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On an abstract level the notion of 'trust' is pretty clear e.g.: "The extent to which someone who relies on a system can have confidence that the system meets its specifications" (RFC 2828). Obviously, trustworthiness is a property that we'd expect from IT-systems we depend on.
As a matter of fact, IT-systems are designed to be capable to create and process arbitrary patterns of binary information. This fundamental property does include the ability to manipulate data objects, return improper function call results, and exchange faked data packets or messages.
Thus, how to establish confidence in services provided by operating systems as well as local or remote computing resources? How to trust received IP packets, E-Mail messages, or HTTP responses? In essence: how to bootstrap the property of trust in systems that rely on the processing of binary information while being able to manipulate any binary information?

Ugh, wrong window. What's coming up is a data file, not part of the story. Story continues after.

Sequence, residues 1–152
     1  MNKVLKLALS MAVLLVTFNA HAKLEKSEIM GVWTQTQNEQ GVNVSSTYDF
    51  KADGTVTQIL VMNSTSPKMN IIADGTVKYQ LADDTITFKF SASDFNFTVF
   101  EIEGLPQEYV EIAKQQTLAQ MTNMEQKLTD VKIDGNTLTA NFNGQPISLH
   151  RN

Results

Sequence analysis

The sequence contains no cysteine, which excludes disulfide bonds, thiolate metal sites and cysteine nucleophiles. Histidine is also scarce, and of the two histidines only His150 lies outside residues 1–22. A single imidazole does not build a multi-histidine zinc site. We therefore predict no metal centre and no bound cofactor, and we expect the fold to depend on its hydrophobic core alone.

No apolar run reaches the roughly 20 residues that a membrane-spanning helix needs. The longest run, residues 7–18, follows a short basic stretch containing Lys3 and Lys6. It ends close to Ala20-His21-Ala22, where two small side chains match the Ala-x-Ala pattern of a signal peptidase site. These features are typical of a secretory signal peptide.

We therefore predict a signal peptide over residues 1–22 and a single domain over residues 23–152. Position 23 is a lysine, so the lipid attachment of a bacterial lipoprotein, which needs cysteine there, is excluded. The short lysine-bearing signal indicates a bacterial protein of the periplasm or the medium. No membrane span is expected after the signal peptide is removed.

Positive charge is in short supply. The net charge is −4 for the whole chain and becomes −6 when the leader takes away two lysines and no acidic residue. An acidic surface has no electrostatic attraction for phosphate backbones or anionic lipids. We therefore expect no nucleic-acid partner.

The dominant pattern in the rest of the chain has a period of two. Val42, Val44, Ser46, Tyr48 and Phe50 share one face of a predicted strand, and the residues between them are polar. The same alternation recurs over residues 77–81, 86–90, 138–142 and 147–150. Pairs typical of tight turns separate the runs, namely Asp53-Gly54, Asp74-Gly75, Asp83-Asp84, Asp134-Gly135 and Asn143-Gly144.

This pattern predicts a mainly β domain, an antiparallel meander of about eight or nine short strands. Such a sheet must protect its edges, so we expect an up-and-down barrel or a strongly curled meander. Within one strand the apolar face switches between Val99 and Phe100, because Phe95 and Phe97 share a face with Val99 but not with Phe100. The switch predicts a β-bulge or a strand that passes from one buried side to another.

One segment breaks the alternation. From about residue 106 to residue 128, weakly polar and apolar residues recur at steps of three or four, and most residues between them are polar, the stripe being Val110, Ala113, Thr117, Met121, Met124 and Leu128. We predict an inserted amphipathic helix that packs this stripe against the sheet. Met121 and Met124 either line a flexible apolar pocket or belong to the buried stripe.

This presentation investigates base technologies for trust enhancing. It examines the role of cryptography as a trust facilitator for IT-systems: the merits of cryptographic technologies with respect to trust enhancement are identified; the relevance of recent technology initiatives in the world of XML (e.g. Liberty Alliance, SAML, WS-Security, XACML, XKMS, XML-Encryption, and XML-Signature) is analyzed.